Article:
As the MLB 2017 Non-Waiver Trade Deadline is coming to a close, the worst kept secret around the league is that the New York Yankees are "strongly interested" in Oakland Athletics ace Sonny Gray. The two sides have been talking for awhile now, but nothing seems imminent due to A’s General Manager Billy Beane’s high asking price for the 27 years young righty. Beane has asked for a package centered around one of the Yankees top two prospects, SS Gleyber Torres and OF Clint Frazier, who the Yankees consider untouchable. However, acquiring a talent such as Gray could be what the Yankees need to make them serious contenders not just for this season, but for the next couple seasons to come.
The market for ace-type starting pitchers this deadline is very thin; the only other arm alongside Gray is Texas Rangers RHP Yu Darvish, who becomes a Free Agent this coming offseason. The Rangers have made it clear that they are looking for a big return for their ace righty, which teams may be reluctant to give up for a half-year rental. Gray, on the other hand, has two years of club control left after the conclusion of the 2017 season, allowing the team that trades for Gray to have him in the rotation for two full years after this season.
The Yankees are in the midst of a serious playoff run this year, leading the American League East by 0.5 games ahead of the Red Sox, and having the third best record in their league behind the Houston Astros and the Cleveland Indians. Despite leading the East, their rotation has been nothing close to dominant throughout the season. Their ace Masahiro Tanaka, although throwing much better as of late, hasn’t been the dominant #1 the Yankees were hoping for with a record of 8-9 while holding an ERA over 5. They also just lost hard-throwing righty Michael Pineda to Tommy John Surgery, which would most likely sideline him not only for the rest of this season, but also for the entire 2018 season. 23 year-old righty Luis Severino has been enjoying a breakout season, putting up ace-like numbers with a 3.03 ERA with a FIP and xFIP of 2.93 and 3.09 respectively, but every additional inning he throws is adding onto his career high of 127.2 Innings Pitched thus far, and would not be surprising if he loses some effectiveness due to fatigue and inexperience. Long-time left-handed starter C.C. Sabathia has surprised many with his 3.66 ERA and 9 wins, but his FIP, xFIP and SIERA of 4.24, 4.47, and 4.67 respectively are nothing to get excited about. 24 year-old left-handed rookie Jordan Montgomery has been effective out of the #4 spot, but his advanced metrics are not much better than those of Sabathia. If the Yankees were to have to send a pitcher out on the mound for a must-win game in the playoffs, all four of the options stated above have their respective doubts.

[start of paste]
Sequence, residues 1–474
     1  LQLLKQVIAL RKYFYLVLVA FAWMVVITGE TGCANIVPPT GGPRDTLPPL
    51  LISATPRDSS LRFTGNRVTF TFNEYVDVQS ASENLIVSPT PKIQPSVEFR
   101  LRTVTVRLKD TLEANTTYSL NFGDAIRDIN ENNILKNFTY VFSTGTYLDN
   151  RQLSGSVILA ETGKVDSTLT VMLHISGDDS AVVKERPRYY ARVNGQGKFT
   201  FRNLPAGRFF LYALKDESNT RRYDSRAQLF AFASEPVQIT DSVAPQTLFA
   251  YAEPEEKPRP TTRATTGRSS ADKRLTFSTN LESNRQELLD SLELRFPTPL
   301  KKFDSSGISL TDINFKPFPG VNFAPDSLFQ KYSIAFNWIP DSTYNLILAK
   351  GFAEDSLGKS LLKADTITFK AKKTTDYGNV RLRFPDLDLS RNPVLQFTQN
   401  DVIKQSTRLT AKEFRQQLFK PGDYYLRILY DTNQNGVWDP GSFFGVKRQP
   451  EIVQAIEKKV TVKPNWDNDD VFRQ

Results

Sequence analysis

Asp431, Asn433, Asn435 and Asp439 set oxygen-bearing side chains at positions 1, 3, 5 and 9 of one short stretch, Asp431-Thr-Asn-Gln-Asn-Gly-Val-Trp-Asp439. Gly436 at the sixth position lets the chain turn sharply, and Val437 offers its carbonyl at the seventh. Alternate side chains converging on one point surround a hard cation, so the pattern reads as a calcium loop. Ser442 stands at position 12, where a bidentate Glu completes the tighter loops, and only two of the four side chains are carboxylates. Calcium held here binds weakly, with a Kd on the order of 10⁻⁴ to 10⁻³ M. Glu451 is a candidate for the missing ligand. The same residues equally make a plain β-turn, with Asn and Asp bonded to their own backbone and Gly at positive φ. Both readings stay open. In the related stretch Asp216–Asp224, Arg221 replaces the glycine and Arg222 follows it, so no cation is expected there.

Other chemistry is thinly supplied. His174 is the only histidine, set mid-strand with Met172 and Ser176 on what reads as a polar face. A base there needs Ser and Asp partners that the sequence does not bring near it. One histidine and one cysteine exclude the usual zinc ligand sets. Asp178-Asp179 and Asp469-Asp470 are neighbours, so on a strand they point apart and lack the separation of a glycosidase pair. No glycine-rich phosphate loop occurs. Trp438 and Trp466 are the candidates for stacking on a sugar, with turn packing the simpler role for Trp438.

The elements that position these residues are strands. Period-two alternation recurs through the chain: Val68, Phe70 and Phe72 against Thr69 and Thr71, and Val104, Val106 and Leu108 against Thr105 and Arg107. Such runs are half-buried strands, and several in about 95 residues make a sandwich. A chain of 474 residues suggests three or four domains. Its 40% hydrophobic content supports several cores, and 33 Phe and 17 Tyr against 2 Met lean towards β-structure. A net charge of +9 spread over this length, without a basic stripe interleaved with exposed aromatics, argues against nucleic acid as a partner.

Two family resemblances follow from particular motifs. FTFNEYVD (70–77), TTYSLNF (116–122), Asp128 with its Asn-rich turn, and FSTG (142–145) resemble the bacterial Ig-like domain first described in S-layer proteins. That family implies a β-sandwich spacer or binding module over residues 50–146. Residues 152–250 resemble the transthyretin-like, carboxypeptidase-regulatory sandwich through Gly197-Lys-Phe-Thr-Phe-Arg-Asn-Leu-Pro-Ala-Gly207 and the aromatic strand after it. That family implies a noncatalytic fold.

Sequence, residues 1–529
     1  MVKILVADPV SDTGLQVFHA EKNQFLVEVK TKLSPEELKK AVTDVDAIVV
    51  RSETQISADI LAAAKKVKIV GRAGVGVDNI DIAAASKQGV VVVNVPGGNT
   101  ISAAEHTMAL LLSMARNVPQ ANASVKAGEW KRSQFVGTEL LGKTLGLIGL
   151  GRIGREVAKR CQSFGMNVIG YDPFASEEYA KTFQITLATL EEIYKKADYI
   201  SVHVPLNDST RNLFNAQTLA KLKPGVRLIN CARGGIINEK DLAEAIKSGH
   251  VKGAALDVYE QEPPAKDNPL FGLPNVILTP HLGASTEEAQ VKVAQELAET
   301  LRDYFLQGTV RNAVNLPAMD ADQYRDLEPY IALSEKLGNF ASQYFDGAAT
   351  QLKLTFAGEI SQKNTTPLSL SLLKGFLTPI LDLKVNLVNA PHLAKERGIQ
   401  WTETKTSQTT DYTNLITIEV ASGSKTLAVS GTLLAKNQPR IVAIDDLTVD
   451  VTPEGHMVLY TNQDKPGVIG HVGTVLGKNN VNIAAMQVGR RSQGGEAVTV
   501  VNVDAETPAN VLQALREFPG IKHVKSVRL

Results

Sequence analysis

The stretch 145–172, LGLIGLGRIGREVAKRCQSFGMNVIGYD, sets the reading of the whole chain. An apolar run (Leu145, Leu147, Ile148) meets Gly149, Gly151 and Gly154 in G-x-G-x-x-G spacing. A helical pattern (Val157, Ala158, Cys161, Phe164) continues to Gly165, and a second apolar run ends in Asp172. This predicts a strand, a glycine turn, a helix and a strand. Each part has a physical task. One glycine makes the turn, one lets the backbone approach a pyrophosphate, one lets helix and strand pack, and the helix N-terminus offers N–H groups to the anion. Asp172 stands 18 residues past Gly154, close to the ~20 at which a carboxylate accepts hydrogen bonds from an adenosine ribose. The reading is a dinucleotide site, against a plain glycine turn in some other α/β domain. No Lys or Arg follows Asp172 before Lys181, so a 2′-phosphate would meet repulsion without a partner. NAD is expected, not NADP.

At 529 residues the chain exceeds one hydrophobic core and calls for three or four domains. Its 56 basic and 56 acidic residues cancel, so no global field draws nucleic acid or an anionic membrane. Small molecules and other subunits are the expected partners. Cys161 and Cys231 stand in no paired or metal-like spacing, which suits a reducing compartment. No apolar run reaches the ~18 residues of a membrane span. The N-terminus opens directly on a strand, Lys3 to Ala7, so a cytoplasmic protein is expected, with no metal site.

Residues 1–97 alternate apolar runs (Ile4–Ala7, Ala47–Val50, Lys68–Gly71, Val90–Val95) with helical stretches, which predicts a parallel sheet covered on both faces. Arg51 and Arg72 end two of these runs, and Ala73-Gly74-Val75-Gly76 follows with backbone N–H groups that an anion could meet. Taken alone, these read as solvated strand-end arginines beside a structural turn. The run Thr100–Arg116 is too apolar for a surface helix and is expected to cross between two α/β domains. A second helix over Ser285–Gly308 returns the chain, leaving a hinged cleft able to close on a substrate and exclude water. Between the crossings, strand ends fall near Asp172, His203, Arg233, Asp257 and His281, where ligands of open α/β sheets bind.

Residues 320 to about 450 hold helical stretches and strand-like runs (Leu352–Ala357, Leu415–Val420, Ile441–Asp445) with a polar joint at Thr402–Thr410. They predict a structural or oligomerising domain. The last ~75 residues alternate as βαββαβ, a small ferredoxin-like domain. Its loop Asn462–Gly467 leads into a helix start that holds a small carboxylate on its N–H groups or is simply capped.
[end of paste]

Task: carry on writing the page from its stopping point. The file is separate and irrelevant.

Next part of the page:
This is where the A’s ace comes in; Sonny Gray could come in and bolster the Yankees rotation right from the get go; Gray has playoff experience, back in 2013 against the Detroit Tigers, when he went toe-to-toe with former Cy Young and MVP winner Justin Verlander in Game Two of the ALDS. After an injury-plagued 2016 season, Gray has enjoyed a bounce back campaign this year, putting up an ERA/FIP/xFIP line of 3.43/3.24/3.29 while holding a career-high in K/9 and GB% of 8.72 and 56.7%. In the month of July, his K/9 shot up to 9.25 while putting up a FIP and xFIP of 2.45 and 3.05 respectively, showing that his dominance he had on the mound back in 2015, when he finished 3rd in the AL Cy Young voting, is back in 2017. A pitcher of his caliber would definitely aid the Yankees rotation and would add a reliable right-hander that could take the Yankees deep into the playoffs with fellow right-handers Tanaka and Severino.
Because of Gray’s team-friendly contract, the Yankees would have Gray under control until the conclusion of the 2019 season. This is a major positive for a team like the Yankees, who are up and coming with their window to contend just opening up. Gray can take over Sabathia, if the Yankees decide not to bring him back as a Free Agent, in the 2018 rotation and has the talent and "stuff" to battle for the #1 rotation spot against Tanaka.